Trolls, bots, hashtags? Come on, that’s so circa 2014–2015 when Twitter trending topics spilled over to mainstream media and shaped headlines. We’re way past that.
In November 2014, nearly two years before the 2016 elections and way before the groundswell for then-mayor Rodrigo Roa Duterte swept across the country, I was asked to give a talk during an APCA event in Ortigas. APCA is the Association of Political Consultants in Asia where I am one of the founding members.
The topic given me was “Campaigning In Our Generation” and in my presentation I predicted how social media would play a crucial role in the 2016 presidential elections. My fearless forecast was that new media would help elect the next president of the Philippines.
According to former Commission on Elections (Comelec) chairman Sixto Brillantes who was also in the audience at the time, 6 out of 10 Filipino voters in the 2016 elections were expected to be young voters, and his projections eventually checked out. And because practically all young Filipinos have a Facebook account, and judging from the recorded online behavior of Filipinos from various surveys (5 out of 7 Filipinos go online to check Facebook and Twitter, per 2013–14 data), as well as the 75 percent year-on-year growth of smart phone shipments, it looked like the trend would expand further in 2016 and make social media the most fertile environment for discussion, debate, and yes, winning campaigns.
Social media is irrepressible and it’s changed even more since my talk, especially as soon as Facebook lifted the character limit to status posts, set up the “share” button, introduced the Facebook live video feature, and upgraded the basic “like” to a range of reactions. The conditions made things more ripe for politicization, social media being the “purest” democratic space, and by 2016 it became a weapon (or as Maria Ressa put it, “Weaponizing the internet”).
So yes, I made that prediction in 2014 based on the foregoing facts, and my forecast drew murmurs of either doubt or dissent from a crowd of mostly seasoned political communicators and operators who were so used to the old rules of engagement.
Alas, social media is a game changer, the great equalizer.
What I did not foresee then was the rise of the “influencer” — sort of an online celebrity who, for some reason, whether because of sheer good looks, compelling content or because he/she is an authority on something (cars, tech, politics, etc.), has gained a considerable following on social media and has online engagement that can give established media sites and personalities a run for their money. “Engagement” includes likes, reactions, comments, post shares and views for videos.
Times have changed. Even the 2014–2015 trend of introducing hashtags (oftentimes provocative words or statements) to influence Twitter trends (whether organic or manipulated through a stable of digital influencers or bots) has gone the way of the dodo. Trolls, bots and hasthags are so passé.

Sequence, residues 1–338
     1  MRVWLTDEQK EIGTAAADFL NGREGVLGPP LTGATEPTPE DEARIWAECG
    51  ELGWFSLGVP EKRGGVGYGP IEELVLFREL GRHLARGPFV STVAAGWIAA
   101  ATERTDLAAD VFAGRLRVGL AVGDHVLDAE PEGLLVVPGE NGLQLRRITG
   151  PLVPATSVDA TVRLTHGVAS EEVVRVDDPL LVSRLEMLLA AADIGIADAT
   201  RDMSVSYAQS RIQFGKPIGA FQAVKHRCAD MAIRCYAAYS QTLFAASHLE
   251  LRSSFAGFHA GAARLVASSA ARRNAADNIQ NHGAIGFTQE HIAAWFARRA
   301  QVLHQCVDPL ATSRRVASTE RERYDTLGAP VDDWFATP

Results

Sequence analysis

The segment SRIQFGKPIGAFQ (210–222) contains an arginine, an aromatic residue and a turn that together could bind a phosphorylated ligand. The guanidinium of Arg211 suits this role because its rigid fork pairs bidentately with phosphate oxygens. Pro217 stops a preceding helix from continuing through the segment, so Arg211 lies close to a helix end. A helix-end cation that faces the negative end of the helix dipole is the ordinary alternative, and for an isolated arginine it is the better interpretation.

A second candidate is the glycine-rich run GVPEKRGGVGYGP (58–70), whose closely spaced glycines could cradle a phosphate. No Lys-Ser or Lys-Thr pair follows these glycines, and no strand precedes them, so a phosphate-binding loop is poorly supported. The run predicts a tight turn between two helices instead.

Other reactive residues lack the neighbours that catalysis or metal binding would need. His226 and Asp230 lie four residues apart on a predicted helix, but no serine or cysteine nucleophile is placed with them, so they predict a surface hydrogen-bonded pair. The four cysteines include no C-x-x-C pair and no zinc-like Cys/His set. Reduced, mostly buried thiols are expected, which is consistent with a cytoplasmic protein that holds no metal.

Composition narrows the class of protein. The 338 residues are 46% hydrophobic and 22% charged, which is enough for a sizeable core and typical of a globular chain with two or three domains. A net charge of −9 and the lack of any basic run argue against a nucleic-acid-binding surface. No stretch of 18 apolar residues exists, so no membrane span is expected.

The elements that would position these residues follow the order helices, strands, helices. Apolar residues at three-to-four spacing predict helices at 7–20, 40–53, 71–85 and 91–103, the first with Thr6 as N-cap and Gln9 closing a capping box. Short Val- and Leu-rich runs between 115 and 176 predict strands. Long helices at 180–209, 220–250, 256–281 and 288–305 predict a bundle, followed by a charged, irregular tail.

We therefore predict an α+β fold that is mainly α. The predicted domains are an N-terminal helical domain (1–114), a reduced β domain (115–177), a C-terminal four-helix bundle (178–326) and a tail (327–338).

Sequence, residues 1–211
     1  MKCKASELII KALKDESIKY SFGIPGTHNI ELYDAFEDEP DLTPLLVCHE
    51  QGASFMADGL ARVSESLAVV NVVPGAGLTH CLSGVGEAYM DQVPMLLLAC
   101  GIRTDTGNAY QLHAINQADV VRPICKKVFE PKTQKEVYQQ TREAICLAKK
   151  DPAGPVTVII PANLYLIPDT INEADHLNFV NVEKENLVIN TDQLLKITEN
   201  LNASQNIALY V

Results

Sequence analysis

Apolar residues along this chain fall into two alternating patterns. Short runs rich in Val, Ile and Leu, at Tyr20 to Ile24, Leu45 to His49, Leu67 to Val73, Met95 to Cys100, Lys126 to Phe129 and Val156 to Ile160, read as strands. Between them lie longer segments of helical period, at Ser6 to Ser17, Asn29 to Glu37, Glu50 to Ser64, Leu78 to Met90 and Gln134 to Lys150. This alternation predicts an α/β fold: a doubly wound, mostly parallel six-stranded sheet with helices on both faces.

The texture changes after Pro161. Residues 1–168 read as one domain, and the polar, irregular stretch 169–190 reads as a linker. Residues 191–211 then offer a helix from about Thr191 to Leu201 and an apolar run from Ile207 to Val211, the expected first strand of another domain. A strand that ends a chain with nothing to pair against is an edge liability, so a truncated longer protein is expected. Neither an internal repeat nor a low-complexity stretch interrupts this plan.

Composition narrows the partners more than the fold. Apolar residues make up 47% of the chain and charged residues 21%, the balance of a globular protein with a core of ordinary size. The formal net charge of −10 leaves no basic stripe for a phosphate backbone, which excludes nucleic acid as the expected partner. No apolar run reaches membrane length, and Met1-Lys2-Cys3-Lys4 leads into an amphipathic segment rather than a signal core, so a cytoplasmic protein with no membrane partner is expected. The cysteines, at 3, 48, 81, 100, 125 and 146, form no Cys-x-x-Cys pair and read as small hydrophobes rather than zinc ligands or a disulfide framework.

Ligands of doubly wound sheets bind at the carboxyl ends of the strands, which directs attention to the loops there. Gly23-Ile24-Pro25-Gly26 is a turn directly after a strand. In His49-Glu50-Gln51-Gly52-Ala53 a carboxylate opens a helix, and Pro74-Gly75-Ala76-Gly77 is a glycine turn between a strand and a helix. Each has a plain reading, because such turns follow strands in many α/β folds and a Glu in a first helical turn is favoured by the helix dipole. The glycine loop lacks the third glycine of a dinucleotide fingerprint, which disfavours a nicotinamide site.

And so we’ve seen the demise of many a digital agency and their supposed stable of Twitter trolls and bots.
When you look at the influencers supporting President Duterte, there’s really a voice for everyone. The most successful sitcoms (FRIENDS, Will & Grace, the Golden Girls, How I Met Your Mother, The Big Bang Theory) have a common formula: these shows have developed strong characters unique from each other, archetypes that different kinds of people are able to relate with. It’s the same with the influencers who support the President.
What’s great is this is all accidental; for most of the most vocal, most popular of the President’s online supporters, there is a common genesis story: They simply spoke the truth of their hearts using tools available and things simply caught on. And they did so using whatever they were strong at: piercing analysis, academic training, sarcasm, humor, wit, etc.
Are influencers purveyors of fake news? That is the bone of contention now. But the discourse is good; contention means the new rules of engagement are being fine-tuned. And social media is evolving, let’s just all trust that with the debate on fake news and other issues ancillary to it, new media will evolve for the better like it has changed many times from when Facebook started.
At day’s end, an influencer’s popularity is directly linked to his/her credibility, and this credibility is hinged on reliability. Sooner or later, the people will be able to separate the wheat from the chaff. Influencers who are in the habit of sharing fake news or information they do not vet, those who are careless in posting, will soon lose public support.
But for now, whether you like it or not, for better or for worse, we are in a new era. No one can say if the same will be the case in 2019 or in 2022, but my best guess is, yes, it’ll still be the same but with an online conversation made even more dynamic and colorful.
We are in the age of the influencer. Get used to it.